Finally, baptism.

I don’t have the best memory (thanks dad!). I have a hard time remembering all sorts of things. I seemed be doomed to this existence of Outlook calendars that remind me of things and singular moments, not of my choosing, that I can recall. The rest is, as they say, history.

So I don’t remember a lot about being baptized. I don’t remember why I chose to be at that specific time, I truly do not. I have a vague recollection of a backyard pool and the sun being hot on my head and in my eyes. I think others were baptized too, and that, I’m sorry to say, is all I remember.

So I feel like, if I was afforded the same opportunity now, I would remember it somehow, carry it with me; so it would mean more, mean something. A reminder of water on my head and the smell of incense and the way the choir sang and how many people were there, how the sun came through the stained glass windows on the left side of the nave and painted the people with rainbow light and the candles flickered and my brother cried. That I would remember.

What happens though, is that we make decisions when we aren’t quite ready to, and they are decisions that will last for the rest of our lives.

These are the decisions I try to re-imagine in PG ways for my girls. Like last night we watched the new version of Into the Woods, and Meryl Streep made me cry as she sang to her kidnapped child about the world out there being full of wolves and humans.  The girls and I nodded solemnly to each other as Little Red pronounced the fact there there is a difference between nice and good.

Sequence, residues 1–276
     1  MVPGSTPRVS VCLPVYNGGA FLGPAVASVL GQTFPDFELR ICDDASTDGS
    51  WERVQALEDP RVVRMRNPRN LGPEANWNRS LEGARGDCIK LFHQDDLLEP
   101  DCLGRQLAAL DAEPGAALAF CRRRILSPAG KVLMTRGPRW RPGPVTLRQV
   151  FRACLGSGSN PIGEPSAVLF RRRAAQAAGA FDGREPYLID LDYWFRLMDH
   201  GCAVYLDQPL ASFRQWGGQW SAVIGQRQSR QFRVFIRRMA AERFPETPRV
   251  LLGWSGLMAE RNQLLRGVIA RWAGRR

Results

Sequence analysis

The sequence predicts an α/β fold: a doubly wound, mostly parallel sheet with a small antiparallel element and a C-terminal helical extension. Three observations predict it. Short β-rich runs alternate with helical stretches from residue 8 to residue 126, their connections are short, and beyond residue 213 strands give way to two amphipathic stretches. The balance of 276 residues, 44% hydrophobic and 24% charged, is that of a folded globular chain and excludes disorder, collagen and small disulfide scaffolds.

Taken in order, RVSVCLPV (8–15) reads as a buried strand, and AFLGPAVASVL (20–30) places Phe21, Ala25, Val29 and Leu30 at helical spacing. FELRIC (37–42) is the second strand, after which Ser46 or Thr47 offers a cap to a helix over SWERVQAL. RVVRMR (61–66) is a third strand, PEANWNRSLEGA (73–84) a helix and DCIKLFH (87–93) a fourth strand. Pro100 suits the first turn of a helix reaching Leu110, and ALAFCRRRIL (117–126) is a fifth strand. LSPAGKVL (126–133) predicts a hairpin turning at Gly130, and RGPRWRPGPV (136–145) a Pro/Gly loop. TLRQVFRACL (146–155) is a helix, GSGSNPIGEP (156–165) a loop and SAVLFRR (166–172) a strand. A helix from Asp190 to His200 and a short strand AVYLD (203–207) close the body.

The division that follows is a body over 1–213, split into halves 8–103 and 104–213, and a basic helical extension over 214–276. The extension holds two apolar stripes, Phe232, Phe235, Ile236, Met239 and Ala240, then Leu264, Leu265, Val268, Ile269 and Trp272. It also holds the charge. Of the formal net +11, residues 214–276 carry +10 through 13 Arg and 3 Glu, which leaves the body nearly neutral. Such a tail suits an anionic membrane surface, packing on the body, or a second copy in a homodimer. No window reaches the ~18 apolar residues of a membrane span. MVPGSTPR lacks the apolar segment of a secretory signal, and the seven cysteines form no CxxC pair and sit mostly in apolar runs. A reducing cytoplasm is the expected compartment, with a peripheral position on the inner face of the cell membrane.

Because there is. Because any bad guy can be nice, but not any bad guy can be good, truly at the core good.
So I can’t go back and sing all the songs I’ve sang again (too much time has elapsed, I would just be nervous and wish for another do over). I can’t go back and re-write my column to include basic facts for the more idiotic among us. And I can’t go back and be baptized again in a state I am not even sure of, in someone’s backyard pool, by someone I am still mad at.

Anne Lamott says that if you’re holding two things in your hands, and your fists are clenched, and you’re thirsty and someone offers you a drink… well, you’d have to un-clench that fist, let something drop away into nothingness, to take the drink.

And we, I, are so often thirsty. Thirsty because of all the things we can’t set down for a simple drink.

It’s not offered free of charge, anyone who tells you salvation and redemption are free doesn’t have any idea what those words actually mean. This journey, these 14 weeks, they have not been free. They have cost me time with my kids and my husband, they have cost me ideas that I’d stored up without even knowing it, they have cost me the little knife like wounds on my heart, the ones that happen when you open that most precious place and you LET THE WORLD IN.